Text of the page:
The upsets are starting to roll in as we move through the gauntlet of Big 12 play. With each surprising performance, there’s also a setback we didn’t see coming. What do we take away from last week’s action?
1. The Red Raiders Have An Option At Quarterback
For a while, it seemed to be of a major concern that Texas Tech, a team that had struggled offensively leading up to last week’s tilt against Oklahoma State, was without Alan Bowman. In stepped backup Jett Duffey against Oklahoma, and then against Oklahoma State, and the junior is making the case for himself as starter. Facing the Pokes, Duffey took advantage of his dual threat abilities, accounting for four touchdowns through the air and one on the ground. His outing against Oklahoma State was arguably the best performance by a Texas Tech quarterback this season, and it may have breathed new life into the Red Raiders.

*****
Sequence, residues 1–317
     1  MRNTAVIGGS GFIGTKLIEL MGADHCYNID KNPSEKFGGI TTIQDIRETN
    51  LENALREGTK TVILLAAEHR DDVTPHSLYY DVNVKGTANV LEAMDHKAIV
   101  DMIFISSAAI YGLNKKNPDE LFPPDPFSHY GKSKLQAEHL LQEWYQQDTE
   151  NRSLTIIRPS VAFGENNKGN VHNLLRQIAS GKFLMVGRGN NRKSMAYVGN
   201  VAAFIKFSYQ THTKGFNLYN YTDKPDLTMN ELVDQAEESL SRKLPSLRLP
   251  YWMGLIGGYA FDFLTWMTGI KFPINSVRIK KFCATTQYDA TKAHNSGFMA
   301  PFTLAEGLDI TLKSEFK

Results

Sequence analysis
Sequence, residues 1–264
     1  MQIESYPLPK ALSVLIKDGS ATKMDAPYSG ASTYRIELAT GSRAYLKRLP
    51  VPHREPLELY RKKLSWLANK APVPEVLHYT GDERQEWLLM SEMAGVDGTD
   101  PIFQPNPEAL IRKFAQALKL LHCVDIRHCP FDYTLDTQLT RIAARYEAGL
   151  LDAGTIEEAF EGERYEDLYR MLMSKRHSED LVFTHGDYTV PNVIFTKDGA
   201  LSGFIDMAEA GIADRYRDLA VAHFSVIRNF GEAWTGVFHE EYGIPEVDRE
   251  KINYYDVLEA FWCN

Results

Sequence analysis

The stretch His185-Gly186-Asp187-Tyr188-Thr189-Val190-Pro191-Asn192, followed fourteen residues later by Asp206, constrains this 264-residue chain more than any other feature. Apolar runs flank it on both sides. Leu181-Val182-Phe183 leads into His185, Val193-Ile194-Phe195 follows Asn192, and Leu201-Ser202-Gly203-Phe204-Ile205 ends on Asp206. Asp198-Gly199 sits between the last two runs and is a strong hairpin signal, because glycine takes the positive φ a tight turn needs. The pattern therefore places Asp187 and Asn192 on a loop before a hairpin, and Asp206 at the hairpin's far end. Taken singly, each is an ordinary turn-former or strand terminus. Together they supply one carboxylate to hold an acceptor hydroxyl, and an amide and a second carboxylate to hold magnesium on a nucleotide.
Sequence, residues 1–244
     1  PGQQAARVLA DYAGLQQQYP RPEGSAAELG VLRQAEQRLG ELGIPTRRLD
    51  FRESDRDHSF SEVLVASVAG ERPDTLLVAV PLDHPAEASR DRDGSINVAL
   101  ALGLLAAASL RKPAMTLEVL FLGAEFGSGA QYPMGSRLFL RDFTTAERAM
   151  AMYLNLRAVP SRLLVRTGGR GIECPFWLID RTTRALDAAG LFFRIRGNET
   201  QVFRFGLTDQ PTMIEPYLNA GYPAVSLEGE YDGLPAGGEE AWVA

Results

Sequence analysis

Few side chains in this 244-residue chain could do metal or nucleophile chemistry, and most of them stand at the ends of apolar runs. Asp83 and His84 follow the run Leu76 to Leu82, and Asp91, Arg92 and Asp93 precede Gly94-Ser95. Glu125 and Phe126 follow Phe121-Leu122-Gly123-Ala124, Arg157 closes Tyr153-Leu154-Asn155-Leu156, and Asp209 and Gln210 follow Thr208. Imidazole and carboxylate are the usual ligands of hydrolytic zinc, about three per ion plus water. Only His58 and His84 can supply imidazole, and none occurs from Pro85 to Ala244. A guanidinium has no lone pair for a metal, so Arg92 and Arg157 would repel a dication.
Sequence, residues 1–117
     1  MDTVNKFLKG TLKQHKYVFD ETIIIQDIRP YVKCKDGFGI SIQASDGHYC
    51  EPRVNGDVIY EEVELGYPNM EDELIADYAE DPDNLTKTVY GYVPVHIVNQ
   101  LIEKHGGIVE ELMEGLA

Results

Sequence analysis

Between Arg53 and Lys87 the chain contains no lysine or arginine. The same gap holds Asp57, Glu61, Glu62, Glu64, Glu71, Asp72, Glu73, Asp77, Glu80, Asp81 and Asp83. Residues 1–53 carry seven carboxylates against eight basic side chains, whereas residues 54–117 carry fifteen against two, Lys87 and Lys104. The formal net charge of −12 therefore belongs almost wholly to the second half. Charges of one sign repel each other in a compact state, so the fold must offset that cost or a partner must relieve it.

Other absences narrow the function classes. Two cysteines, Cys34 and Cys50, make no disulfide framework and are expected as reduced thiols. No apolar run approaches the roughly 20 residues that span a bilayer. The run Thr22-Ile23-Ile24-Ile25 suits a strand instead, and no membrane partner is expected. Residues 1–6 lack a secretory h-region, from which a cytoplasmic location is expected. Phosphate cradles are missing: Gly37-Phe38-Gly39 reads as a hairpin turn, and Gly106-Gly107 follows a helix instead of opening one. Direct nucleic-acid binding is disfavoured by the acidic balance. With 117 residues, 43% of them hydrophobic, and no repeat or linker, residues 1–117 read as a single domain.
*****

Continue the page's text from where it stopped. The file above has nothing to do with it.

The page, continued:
2. Freshman Gonna Freshman
You know how you hear people in the offseason talk about how freshman quarterbacks sometimes “take their lumps”? Sanders’ turnover-filled Saturday is an example of what they mean by “lumps.” The young redshirt freshman played by far his worst game to date, accounting for all five of Oklahoma State’s turnovers on the day, throwing three interceptions and giving up two fumbles. Gundy will hope that he’s seen the ugliest of his young signal caller’s quarterback play, and it’s altogether likely that Sanders has more jaw-dropping plays left in the 2019 season.
3. Bears Are A Far Cry From 1-11